2017 Summer League

After Phil Jackson's departure, Knicks coach Jeff Hornacek sees Kristaps Porzingis as critical piece of franchise

Entering his third season, Latvian expected to carry more responsibility on the court

Fran Blinebury

ORLANDO — The last time a word from a team executive came out of the Knicks front office, Phil Jackson was saying he’d listen to trade offers for Kristaps Porzingis.

Of course, at that time Jackson still was a Knicks executive.

Now, for the first time since Jackson’s departure on June 28, coach Jeff Hornacek said he expects the 21-year-old power forward to be a part of the team for the 2017-18 season.

“That’s my assumption as coach,” Hornacek said Sunday after watching the Knicks fall to 0-2 at the Orlando Summer League with a 103-78 loss to the Pistons. “I think we’re gonna have all our guys back.

“We want to have all our guys back. I think it was out there that Phil would listen to things. He wouldn’t have been out shopping K.P. We love KP and what he does. I don’t see him going anywhere.”

The fourth pick in the 2015 draft has averaged 16.1 points, 7.3 rebounds and 1.9 blocked shots in his first two NBA seasons. But he got cross ways with then-team president Jackson when he no-showed for his exit view at the end of a desultory 31-51 season that left the Knicks 12th in the Eastern Conference and nowhere close to the playoffs.

“KP, that’s just what he felt at the moment,” Hornacek said. “Now it’s good. Let’s go. You know, guys make decisions to do whatever and I’m sure when he comes back we’ll talk. If you’re going to be more the leader on the team, those things are lessons and it’s not that big a deal.

“We’ve been in touch with him. He’s busy out there working on his game. We know he is. It’s probably too big a deal what’s going on. He’ll be back, ready to play.”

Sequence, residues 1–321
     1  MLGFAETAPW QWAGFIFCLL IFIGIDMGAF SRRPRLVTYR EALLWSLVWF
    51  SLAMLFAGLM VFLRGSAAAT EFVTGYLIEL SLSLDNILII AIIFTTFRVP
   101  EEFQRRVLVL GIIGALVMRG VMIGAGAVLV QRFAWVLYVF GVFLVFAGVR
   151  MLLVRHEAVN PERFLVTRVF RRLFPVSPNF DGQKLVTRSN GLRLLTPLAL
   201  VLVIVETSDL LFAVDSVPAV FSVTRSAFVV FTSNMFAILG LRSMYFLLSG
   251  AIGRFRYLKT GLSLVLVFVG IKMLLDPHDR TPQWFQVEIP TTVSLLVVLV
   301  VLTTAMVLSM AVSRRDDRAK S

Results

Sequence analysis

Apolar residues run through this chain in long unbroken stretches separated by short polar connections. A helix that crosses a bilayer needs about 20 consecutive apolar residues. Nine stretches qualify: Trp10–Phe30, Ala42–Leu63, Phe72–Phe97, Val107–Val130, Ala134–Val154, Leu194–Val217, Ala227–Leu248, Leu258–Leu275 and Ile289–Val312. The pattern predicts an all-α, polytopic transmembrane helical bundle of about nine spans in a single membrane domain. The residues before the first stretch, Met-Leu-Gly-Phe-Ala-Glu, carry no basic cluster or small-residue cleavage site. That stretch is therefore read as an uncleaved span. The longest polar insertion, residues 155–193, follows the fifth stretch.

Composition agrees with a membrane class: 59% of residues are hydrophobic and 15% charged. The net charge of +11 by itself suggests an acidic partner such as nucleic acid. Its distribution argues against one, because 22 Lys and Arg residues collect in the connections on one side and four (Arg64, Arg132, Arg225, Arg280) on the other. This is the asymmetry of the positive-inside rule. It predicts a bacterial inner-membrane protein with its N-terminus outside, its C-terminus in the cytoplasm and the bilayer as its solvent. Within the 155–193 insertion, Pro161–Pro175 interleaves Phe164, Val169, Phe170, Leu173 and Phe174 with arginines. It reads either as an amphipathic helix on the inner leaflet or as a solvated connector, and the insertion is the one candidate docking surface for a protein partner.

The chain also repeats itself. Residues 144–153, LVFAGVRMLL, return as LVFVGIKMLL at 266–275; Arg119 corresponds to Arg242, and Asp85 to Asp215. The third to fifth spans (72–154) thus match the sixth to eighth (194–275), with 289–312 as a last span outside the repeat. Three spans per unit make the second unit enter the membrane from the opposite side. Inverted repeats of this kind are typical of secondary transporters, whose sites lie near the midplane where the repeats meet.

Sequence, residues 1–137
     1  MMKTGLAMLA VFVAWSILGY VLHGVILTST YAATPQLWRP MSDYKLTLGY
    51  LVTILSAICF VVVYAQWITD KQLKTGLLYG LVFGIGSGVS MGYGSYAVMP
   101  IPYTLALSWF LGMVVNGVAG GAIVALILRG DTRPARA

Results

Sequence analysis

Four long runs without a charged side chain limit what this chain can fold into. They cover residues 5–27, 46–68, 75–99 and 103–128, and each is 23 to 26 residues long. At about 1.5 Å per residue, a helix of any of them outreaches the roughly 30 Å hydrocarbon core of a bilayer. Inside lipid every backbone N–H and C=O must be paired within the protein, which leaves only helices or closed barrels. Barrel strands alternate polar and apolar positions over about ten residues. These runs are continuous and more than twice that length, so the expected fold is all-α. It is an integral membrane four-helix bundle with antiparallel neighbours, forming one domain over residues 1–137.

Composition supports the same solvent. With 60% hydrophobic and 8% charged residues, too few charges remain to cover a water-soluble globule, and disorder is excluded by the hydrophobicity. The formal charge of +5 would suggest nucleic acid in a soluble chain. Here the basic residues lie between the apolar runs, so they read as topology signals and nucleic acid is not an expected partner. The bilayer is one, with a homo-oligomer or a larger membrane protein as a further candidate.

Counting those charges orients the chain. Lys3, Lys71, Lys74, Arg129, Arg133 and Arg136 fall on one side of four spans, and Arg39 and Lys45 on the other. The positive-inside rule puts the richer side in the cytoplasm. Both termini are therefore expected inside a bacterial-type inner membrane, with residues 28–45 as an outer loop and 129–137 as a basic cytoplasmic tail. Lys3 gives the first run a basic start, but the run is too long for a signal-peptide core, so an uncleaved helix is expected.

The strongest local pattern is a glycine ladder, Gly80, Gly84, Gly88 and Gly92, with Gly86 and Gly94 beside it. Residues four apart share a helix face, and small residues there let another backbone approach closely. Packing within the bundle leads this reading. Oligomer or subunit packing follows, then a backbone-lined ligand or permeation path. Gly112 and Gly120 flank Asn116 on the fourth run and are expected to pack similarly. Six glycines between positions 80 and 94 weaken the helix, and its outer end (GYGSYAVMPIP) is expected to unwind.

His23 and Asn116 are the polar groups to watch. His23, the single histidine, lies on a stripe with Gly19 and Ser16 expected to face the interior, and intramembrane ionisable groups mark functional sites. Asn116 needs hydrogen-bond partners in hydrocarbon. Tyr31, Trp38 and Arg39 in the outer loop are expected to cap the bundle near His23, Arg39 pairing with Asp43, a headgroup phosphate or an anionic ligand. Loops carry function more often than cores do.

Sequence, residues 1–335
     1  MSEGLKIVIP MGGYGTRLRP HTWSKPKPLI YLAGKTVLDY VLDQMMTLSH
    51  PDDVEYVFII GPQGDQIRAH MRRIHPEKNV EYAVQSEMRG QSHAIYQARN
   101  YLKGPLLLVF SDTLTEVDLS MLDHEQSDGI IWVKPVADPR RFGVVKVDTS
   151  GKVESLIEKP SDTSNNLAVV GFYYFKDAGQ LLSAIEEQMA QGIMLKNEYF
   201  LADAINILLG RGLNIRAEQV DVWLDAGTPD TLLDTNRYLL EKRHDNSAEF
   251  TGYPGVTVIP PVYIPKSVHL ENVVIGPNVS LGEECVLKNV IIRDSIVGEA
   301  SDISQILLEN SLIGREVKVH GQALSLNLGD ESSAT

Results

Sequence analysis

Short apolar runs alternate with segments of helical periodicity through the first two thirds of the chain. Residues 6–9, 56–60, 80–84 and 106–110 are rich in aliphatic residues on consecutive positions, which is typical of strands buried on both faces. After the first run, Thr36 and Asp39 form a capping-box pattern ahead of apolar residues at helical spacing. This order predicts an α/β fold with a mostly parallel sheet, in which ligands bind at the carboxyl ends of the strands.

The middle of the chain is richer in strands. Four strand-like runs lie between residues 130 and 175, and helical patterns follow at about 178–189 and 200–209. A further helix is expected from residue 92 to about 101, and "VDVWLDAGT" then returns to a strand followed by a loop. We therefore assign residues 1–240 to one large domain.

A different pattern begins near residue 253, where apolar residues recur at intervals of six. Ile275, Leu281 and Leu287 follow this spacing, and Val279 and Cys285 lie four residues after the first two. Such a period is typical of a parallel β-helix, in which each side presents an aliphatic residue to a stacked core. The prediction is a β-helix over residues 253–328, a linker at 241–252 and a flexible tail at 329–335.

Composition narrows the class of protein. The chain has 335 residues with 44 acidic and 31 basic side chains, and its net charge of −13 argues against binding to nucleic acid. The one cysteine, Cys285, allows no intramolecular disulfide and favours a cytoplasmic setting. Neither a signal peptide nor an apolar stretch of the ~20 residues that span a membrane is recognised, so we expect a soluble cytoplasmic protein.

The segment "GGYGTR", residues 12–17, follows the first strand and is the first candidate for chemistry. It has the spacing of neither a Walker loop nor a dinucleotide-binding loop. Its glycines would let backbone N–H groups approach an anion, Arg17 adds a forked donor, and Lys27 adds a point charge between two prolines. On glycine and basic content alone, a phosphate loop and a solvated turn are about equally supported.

While his numbers mostly went up a tick in 2016-17, there was a general sense that the 7-3 Latvian did not make the progress that was expected by the organization.

“First year you’re trying to get your feet when you get thrown out there,” Hornacek said. “The second year, now you feel more comfortable and take a few steps forward. Then the third year you’re really confident. You’ve been in the league for a couple of years. You know guys’ tendencies more. You know how guys guard you. The game just starts to slow down for you. When the game starts to slow down for you, that’s when you take big strides.”

Unlike the departed Jackson, Hornacek believes Porzingis is ready to carry the load as a No. 1 option on the team.

“That’s his next step and growth as a player — be able to handle some of that,’’ Hornacek said. “He’s going to have to take that next step of just taking over. He’s probably ready for that.’’

The head coach said he did not see a need to specifically work on developing a better relationship with the player presumed to be the centerpiece for the future.

“We try to get good relationships with all our guys, not just the star guys,” he said. “We’re always talking to these guys every day. We seem them every day. We travel with them. I think as a group we’re trying to do more things as a team, kind of family type stuff. We’ll try to grow on that.”

It’s been reported that Porzingis has reached out to the Knicks first round pick, Frank Ntilikina, a 6-5 French point guard, in the days since the draft.

“I think all those guys talk,” said Hornacek. “They talk all summer (about) what’s going on. As coaches, we’re texting with these guys, talking to them. So even though they’re gone three-four months, especially the European guys, they’re talking to each other.”

Through the bonanza of signings and the hundreds of millions handed out around the league in contracts through the first few days of the free agency period, the Knicks have been quiet.

“We knew it probably wouldn’t happen right away with guys,” Hornacek said. “We didn’t have enough money for all these big guys, the top players, to get into our fold. I think at this point we’re waiting to see if somebody’s fallen through and we can get them. It’s still open.”

Fran Blinebury has covered the NBA since 1977. You can e-mail him here, find his archive here and follow him on Twitter.

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